Selfless service honored on Memorial Day in Greencastle

Shawn Hardy
Echo Pilot

Those from the Greencastle-Antrim community and across the nation who made the ultimate sacrifice in service to the United States were remembered during a Memorial Day ceremony May 31 at Greencastle's Cedar Hill Cemetery.

Heads were bowed as Pastor Fred Keener offered a prayer at Greencastle's Memorial Day ceremony at Cedar Hill Cemetery on May 31.

"Greencastle is like many small towns across America in that it, its sons and daughters have answered when the nation has called to go and fight for our freedoms," said Col. Keith D. Hockman of the U.S. Army War College in Carlisle, the featured speaker.

"Our nation is indebted forever to our fallen service members, and by continuing to reflect on the true meaning on Memorial Day, we honor their legacy and vow never to forget those who served and sacrificed everything for America."

'Army brothers' from different eras of service, from left, John Thomas, Bruce Wesley and Stan Boylan showed their bond as Lee Greenwood's song 'God Bless the USA' concluded Greencastle's Memorial Day ceremony on May 31.

'War and future peace'

Greencastle Mayor Ben Thomas Jr. spoke before Hockman and reflected on the names on the veterans memorial outside borough hall, which honors those who have lost their lives from the Revolutionary War through Master Sgt. Benjamin F. Bitner, killed in action in Afghanistan 10 years ago on April 23, 2011.

The wreath-laying ceremony for the Greencastle Memorial Day ceremony was conducted by, from left, Andrew Timmons, BSA Troop 99; Mikaela Mummert, BSA Troop 199; and Nathanael Mummert, BSA Troop 99.

Thomas highlighted Frank L. Carbaugh and the poem he wrote about "war and future peace" as he was dying in a hospital in France after being wounded in the second Battle of the Marne during World War I.

Greencastle's American Legion Post 373, which co-sponsored Monday's ceremony with Harry D. Zeigler VFW Post 6319, is named in Carbaugh's honor.

On his deathbed, Carbaugh wrote:

“The Fields of the Marne”

The fields of the Marne are growing green,

The river murmurs on and on;

No more the hail of mitrailleuse,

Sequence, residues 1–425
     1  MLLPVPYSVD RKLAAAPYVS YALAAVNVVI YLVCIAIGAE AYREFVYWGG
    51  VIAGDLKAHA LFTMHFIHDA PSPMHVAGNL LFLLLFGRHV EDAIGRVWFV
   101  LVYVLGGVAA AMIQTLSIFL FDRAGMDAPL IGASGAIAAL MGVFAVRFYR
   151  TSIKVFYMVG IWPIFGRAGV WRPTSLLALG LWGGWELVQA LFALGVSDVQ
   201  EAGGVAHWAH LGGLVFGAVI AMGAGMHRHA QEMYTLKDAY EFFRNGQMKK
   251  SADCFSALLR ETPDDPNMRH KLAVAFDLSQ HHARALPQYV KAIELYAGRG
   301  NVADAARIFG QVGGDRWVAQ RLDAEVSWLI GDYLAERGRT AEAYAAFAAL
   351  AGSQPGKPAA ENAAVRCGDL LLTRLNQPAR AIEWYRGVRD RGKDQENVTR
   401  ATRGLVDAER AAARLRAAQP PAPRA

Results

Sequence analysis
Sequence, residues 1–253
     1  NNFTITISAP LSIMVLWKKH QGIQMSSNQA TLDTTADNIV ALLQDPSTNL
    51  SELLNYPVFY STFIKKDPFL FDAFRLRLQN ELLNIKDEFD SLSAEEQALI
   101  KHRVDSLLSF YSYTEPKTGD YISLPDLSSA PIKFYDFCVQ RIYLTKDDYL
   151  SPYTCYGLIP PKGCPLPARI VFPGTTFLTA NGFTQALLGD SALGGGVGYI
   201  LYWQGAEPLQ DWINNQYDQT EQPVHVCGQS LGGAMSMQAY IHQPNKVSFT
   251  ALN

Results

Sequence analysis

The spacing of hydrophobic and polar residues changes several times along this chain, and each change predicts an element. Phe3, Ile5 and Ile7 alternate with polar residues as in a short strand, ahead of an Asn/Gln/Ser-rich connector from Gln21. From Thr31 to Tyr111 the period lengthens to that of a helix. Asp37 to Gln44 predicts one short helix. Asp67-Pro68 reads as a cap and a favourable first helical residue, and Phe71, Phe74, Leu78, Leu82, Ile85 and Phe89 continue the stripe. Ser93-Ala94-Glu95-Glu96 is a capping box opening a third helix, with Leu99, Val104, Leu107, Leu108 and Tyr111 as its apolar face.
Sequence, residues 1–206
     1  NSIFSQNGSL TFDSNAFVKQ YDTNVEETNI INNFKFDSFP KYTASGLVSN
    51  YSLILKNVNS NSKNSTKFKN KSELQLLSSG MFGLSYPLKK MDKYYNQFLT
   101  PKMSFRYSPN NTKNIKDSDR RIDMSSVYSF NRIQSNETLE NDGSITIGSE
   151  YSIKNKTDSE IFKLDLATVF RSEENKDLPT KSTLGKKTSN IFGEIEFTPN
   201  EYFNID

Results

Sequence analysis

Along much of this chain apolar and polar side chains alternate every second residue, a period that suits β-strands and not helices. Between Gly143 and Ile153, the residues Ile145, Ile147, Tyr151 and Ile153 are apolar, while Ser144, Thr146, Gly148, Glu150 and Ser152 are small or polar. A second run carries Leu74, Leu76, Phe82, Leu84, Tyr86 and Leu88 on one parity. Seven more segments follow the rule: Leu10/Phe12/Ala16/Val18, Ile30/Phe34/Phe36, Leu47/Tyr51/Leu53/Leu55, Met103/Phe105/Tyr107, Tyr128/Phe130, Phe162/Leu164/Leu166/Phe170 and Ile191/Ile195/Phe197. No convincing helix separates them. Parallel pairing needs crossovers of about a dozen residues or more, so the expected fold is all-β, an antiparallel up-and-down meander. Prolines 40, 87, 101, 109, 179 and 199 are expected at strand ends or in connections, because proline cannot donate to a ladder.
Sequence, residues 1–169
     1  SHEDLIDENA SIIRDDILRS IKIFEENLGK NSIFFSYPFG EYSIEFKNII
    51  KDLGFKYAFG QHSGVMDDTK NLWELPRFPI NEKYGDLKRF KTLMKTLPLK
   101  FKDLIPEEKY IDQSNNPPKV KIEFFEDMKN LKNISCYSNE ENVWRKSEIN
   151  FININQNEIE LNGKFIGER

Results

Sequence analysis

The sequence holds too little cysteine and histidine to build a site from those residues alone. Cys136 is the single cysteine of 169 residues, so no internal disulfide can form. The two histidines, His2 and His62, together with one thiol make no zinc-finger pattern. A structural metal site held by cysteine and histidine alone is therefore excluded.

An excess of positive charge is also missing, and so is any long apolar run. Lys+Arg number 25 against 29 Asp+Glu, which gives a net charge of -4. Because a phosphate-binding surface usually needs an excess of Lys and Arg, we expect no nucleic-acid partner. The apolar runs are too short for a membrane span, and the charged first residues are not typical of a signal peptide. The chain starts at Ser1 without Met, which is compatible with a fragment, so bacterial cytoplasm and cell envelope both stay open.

The cannon from the hills are gone.

The herder leads the sheep afield,

Where grasses grow o’er broken blade;

And toil-worn women till the soil

O’er human mold, in sunny glade.

Sgt. Frank L. Carbaugh

The splintered shell and bayonet

Are lost in crumbling village wall;

No sniper scans the rim of hills,

No sentry hears the night bird call.

From blood-wet soil and sunken trench,

The flowers bloom in summer light;

And farther down the vale beyond,

The peasant smiles are sad, yet bright.

The wounded Marne is growing green,

The gash of Hun no longer smarts;

Democracy is born again,

But what about the troubled hearts?

Frank L. Carbaugh, killed in World War I, is buried in Cedar Hill Cemetery, where Greencastle's Memorial Day ceremony was held.

Carbaugh died Aug. 1, 1918, and his remains were buried in France, before later being reinterred in Cedar Hill Cemetery, just down the hill from where Monday's ceremony was held.

A shrine to all who gave their lives

Hockman also spoke about the graves of veterans, first talking about the history of Memorial Day. It was originally observed after the Civil War and called Decoration Day, as families decorated the graves of their lost loved ones with flowers or flags, a tradition that continues today.

For Memorial Day 2021, soldiers from the 3rd Infantry Regiment, nicknamed "The Old Guard," placed small American flags at every grave marker in Arlington National Cemetery, where more than 400,000 are buried.

Col. Keith D. Hockman of the U.S. Army War College in Carlisle was the speaker at Greencastle's Memorial Day ceremony on May 31 at Cedar Hill Cemetery.

"Each of those individuals has a story to tell," Hockman said. "Some of those stories we will never know."

He talked about efforts to bring remains back to the United States following World War I and the difficulty in identifying some of the fallen, leading to first burial at Tomb of the Unknown Soldier 100 years ago.

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"The Tomb of the Unknown Soldier was created to memorialize those who died in World War I, but it has since come to symbolize American wartime fatalities more generally," Hockman said. He called it "a multigenerational shrine that honors all those who gave their lives in all American wars."

Hockman said, "This Memorial Day, I hope that we can remember the link we have with all the generations that have gone before us who selflessly served our country and paid the ultimate price. From the recent conflicts in Afghanistan and Iraq back to the American Revolution, our soldiers continuously put the welfare of the nation, the Army and their fellow soldiers before their own.

"It is a reminder of the true cost of war, and a reminder to honor those who died while answering the call to serve our nation. Today, we pay special tribute to the men and women who have paid the ultimate price."